PhotobucketSo, it’s May, and there are all kinds of babies being born. Chicks are hatching, baby turtles are coming up for air, kittens are plenteful, and of course, dogs are having puppies. Spring has sprung, and so have the baby animals.

This is the time of year where pet sales sky rocket. After all, the weather is nice, and people think of how much fun it would be to adopt or purchase a new furry family member. If this is you, that’s ok, just try and be responsible about your decision. The shelters are full of animals that were bought in the spring and returned in the winter because things didn’t work out. To prevent this, here are a few pointers:
  • First and foremost, DO YOUR HOMEWORK! This is very important! I’ve seen all kinds of families with all kinds of dogs. Laid back people go out and get high energy dogs, and then complain about how they can’t get the dog under control. Labs are the most popular breed in America right now, but that doesn’t mean everyone should own one. Labs are very needy! They need lots of excercise, attention, and mental stimulation. You can not expect to get a lab, only to have it laze around the house. When they are pups, they can be very high strung. I don’t know how many private lessons I’ve had where the people had labs destroying their back yards because they just wanted the things mechioned above and the owners weren’t providing it. On the other hand, I"ve seen very active people with Basset Hounds that wonder why all the dog does is laze around. You have to be honest with yourself, what kind of person are you, how active are you, and how much will your dog be going out with you? Will your dog have a job around the house? Will your dog be around other people a lot? Ask yourself these questions before doing research into the breeds you are wanting. Check out Doggy Times II for breed standards and temperaments.
  • Once you have picked a dog to match your personality, then it is time to do your research on where to get the dog. Is it purebred? If yes, then you will need to search out and research different breeders and breed rescue groups for your breed. This includes intervewing the breeders, finding people that have purchased dogs from them and asking how their experience was. Good breeders will never mind you asking to speak with their clients, they usually always keep in touch with them throughout the dog’s life. When you’ve found one you know is reputable and trustworthy, then schedule a time to go out and see the dogs.
  • Avoid puppy mills! You know it is a potential puppy mill puppy if you purchase it from a store, or if it is a breeder that specializes in multiple breeds. Some people just breed dogs to make money, this is wrong! The dogs are not properly taken care of. Reputable breeders spend every cent they make on their dogs on their dogs and generally only breed one breed of dog to better the breed. They do not make profits off of their dogs to pay the bills. Also watch out for rescue shelters, some are great, some are poor. You’ll know the difference when you enter to see the dogs. Good shelters are clean and the dogs are happy. Poor shelters are filthy and the dogs are anxious, sick, and/or scared to death. The animals lack exercise and mental stimulation. A good shelter will have behaviorists that evaluate the temperament of their dogs before being put up for adoption. Those that are not ready will be rehibilitated. The good shelters will rescue dogs from the poor shelters, and are no kill facilities.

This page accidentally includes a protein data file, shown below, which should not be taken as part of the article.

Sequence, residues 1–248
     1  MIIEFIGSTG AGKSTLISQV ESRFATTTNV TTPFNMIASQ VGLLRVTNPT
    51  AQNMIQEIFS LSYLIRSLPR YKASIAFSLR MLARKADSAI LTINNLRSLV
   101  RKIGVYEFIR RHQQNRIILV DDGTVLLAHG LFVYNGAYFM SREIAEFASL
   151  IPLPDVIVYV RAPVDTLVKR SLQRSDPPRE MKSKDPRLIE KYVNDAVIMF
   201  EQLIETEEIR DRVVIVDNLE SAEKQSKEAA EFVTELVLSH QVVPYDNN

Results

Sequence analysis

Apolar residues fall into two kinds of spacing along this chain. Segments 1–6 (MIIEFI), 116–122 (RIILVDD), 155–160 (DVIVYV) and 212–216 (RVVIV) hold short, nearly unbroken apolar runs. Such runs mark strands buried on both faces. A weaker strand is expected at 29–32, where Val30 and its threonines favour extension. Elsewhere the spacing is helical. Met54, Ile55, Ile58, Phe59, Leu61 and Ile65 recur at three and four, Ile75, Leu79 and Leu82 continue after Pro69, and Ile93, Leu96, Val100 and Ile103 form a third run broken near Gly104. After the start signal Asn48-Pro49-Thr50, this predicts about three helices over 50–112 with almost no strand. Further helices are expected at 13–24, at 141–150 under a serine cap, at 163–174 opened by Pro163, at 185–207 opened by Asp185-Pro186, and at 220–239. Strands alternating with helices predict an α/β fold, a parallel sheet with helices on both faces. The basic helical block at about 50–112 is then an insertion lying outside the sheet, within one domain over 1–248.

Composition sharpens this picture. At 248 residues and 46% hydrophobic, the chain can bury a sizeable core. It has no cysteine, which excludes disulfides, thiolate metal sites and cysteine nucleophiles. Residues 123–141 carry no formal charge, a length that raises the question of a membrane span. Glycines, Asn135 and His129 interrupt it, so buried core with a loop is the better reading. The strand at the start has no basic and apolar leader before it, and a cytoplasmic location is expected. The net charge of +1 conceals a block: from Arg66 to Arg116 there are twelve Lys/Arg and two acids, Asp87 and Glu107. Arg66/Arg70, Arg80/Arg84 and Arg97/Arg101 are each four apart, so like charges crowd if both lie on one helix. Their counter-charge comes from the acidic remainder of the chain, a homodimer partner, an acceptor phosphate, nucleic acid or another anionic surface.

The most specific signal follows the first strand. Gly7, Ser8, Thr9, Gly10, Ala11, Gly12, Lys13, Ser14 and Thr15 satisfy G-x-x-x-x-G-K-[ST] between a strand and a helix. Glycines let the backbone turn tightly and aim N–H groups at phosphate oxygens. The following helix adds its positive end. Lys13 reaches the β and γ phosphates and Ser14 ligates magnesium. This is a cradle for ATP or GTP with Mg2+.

• When you are with the puppies, you’ll need to find the one whose personality stands out to you. Which one has the traits you are looking for? For example, if you need a dog to retreive, which one retreives the best? Don’t just pick the first dog that runs up to you, or the one with the prettiest markings (unless you plan to show this dog). You really want this dog to click with your personality, so choose wisely.

When you get you puppy home, there is more work to be done. You need to know where you puppy will sleep, make sure your house is puppy proofed, and that there is plenty of water and the right kind of food. You may even want to start training you puppy. Puppies can begin training as young as 8 weeks old. Remember, the first weeks with your new puppy will determine your relationship, so make them fun and meaningful. Make sure your puppy learns that you are incharge by staying consistent with your rules. Also, keep in mind that play is very important to canine development. Through play, dogs learn how to deal with certain physical situations, the rules of the environment, and how to be social. With out play, your dog will become unbalanced. Play also helps to build the bond you need to have a good relationship with your puppy and adult dog. So have fun!